In his first formal address to the nation from the Oval Office, President Donald Trump painted a picture of a national threat and humanitarian crisis occurring along the US-Mexico border, saying his signature border wall would provide a solution.
Here's a partial rundown of the President's statements and the context:
Immigration, citizenship and displacement
International relations and national security
Political Figures - US
Business, economy and trade
Continents and regions
Crime, law enforcement and corrections
Crimes against persons
Economy and economic indicators
Free trade treaties and agreements
Government and public administration
International trade law
Political platforms and issues
Territorial and national borders
Trade and development
Trade regulation and policy
Trade treaties and agreements
Treaties and agreements
US-Mexico border wall
Violence in society
Drugs and society
Government organizations - US
Health and medical
US Democratic Party
US political parties
Accidents, disasters and safety
US Customs and Border Protection
US Department of Homeland Security
US federal departments and agencies
Trump: "The wall will also be paid for indirectly by the great new trade deal we have made with Mexico."
The President has made this false claim before.
Trump long ago abandoned his 2016 campaign promise that Mexico would pay to build a wall. Instead, he now makes the case that Mexico will "indirectly" pay for the barrier, thanks to the potential increase in tax revenue generated by his replacement for the North America Free Trade Agreement.
But the new deal hasn't yet been ratified by Congress, where Democrats have expressed opposition. And even if the new United States Mexico Canada Agreement ends up raising tax revenue, there's nothing earmarking that money for a wall. Income and corporate taxes are general revenue that would have to be appropriated by Congress.
Another way trade could bring money into the Treasury is through tariffs -- which are paid by American importers when they buy foreign goods. But like the original NAFTA, the new deal aims to keep trade between the three countries largely tariff-free.
-- Katie Lobosco
Trump: "Every day, Customs and Border Patrol agents encounter thousands of illegal immigrants trying to enter our country."
This is overstated. Available Customs and Border Protection data shows a total of 396,579 people were apprehended by the US Border Patrol for fiscal year 2018 at the southwest border, which would mean an average of 1,087 each day -- hardly the "thousands" that Trump purports. The numbers differ each month. The highest number of apprehensions was in September, with a daily average of nearly 1,400.
Apprehensions are still well below historic highs. In the early 2000s, for example, annual apprehensions routinely topped 1 million. After hitting an historic low in 2017 of around 300,000, apprehensions increased in fiscal year 2018 to nearly 400,000.
The President also expressed concern about what he called "a growing humanitarian crisis." There's been an uptick in unaccompanied minors and families approaching the US-Mexico border, many of whom are seeking asylum. Deteriorating conditions in the Northern Triangle (Guatemala, El Salvador and Honduras) are among the reasons that some have decided to make the journey.
In 2016, nearly half of the people apprehended at the US-Mexico border came from these three countries, compared with roughly 10% in 2010, according to Homeland Security Department data.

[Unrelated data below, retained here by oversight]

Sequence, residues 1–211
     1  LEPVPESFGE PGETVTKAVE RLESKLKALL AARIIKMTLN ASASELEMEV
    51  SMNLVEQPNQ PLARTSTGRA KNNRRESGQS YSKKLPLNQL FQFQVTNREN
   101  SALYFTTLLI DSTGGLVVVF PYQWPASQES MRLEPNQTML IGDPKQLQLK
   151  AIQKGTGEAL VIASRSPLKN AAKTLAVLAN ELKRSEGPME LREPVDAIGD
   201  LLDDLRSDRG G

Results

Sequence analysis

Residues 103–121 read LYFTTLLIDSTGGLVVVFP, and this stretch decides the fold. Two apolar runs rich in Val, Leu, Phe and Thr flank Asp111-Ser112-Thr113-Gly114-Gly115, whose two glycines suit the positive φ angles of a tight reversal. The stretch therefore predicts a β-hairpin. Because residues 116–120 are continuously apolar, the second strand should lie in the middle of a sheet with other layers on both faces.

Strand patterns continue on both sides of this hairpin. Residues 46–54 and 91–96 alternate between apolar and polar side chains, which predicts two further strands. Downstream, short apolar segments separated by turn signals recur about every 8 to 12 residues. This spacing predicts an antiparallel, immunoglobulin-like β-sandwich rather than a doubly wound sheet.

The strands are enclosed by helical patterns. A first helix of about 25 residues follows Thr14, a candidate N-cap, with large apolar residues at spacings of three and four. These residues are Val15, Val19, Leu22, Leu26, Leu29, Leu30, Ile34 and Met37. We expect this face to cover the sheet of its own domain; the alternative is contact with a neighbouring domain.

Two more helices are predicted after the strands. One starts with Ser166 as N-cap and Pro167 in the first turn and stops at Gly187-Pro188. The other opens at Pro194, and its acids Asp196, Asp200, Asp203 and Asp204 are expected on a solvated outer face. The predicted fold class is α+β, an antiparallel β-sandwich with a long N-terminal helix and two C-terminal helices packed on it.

-- Priscilla Alvarez
Trump: "All Americans are hurt by uncontrolled illegal migration."
It's very difficult to know exactly how much or little undocumented immigrants cost the United States. Many experts contest the notion that undocumented immigrants are a strain on the economy. A 2017 analysis noted that undocumented immigrants "make considerable tax contributions," for example.
Similarly, a 2018 study by the libertarian Cato Institute, which reviewed criminal conviction data from the Texas Department of Public Safety, found that immigrants -- legal or illegal -- are less likely than native-born Americans to be convicted of crimes. Throughout the country, there is also generally a decrease in the number of violent crimes, according to the FBI.
-- Priscilla Alvarez
Trump: "At the request of Democrats, it will be a steel barrier rather than a concrete wall."
Democrats have long strenuously opposed Trump's campaign promise that he would build a concrete wall on the US-Mexico border. But they did not propose a steel barrier as an alternative. Rather, Democrats have continued to oppose the construction of any new steel or concrete barrier on the southern border. They have only kept the door open to funding a border barrier as part of a broader immigration deal.
-- Jeremy Diamond
Trump: "Sen. Chuck Schumer has repeatedly supported a physical barrier in the past."
This is correct but context is key. Schumer previously supported legislation to build physical barriers on the US-Mexico border. Most notably, Schumer and other Democrats supported the 2006 Secure Fence Act that authorized the construction of several hundred miles of fencing along the border, but not a wall. However as long as the government remains shut down, Senate Minority Leader Schumer and House Speaker Nancy Pelosi have refused to offer any funding for a border barrier.
Democratic leaders have offered funding for roughly $1.3 billion for border security in the current shutdown fight, but not the $5 billion the President has sought for a wall.
Last week, House Democrats voted to approve a stop-gap funding bill for the Department of Homeland Security that would not allocate new wall funding, but would maintain the current $1.3 billion in border security money. Last year, the Senate Appropriations Committee advanced a DHS funding bill for fiscal year 2019 on a bipartisan basis that would allocate $1.6 billion for roughly 65 miles of fencing in the Rio Grande Valley, but the full Senate has not yet approved that measure.